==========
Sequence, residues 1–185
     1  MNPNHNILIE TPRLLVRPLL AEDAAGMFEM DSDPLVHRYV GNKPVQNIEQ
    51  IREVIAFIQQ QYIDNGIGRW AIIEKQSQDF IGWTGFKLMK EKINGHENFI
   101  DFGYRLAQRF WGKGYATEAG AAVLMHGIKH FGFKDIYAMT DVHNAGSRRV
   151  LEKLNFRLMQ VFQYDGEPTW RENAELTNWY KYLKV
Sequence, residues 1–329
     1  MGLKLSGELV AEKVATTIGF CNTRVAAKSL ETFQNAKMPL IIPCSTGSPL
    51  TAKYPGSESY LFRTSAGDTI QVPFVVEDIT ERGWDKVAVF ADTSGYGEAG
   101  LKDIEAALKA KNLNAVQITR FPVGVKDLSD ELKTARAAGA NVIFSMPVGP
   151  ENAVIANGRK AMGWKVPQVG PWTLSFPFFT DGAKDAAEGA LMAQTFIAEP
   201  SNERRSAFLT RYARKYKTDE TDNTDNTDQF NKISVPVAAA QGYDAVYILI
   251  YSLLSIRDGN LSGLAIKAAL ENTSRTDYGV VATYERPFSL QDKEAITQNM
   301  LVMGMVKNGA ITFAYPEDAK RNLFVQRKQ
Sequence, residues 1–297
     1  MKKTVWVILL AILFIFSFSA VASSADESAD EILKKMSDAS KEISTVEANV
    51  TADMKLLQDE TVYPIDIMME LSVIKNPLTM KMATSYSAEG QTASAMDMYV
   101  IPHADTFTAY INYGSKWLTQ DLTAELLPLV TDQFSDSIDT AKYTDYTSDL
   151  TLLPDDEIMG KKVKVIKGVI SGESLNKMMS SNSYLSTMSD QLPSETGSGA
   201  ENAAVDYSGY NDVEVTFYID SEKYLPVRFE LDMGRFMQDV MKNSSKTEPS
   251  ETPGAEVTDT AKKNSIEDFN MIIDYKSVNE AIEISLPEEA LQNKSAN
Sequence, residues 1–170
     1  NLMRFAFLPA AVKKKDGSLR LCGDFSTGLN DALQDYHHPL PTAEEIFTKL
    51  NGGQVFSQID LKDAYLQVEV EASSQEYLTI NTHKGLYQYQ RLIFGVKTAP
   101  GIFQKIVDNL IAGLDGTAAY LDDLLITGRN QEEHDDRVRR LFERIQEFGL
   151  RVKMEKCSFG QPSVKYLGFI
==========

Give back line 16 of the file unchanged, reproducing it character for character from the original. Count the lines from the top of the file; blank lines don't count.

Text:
    51  TADMKLLQDE TVYPIDIMME LSVIKNPLTM KMATSYSAEG QTASAMDMYV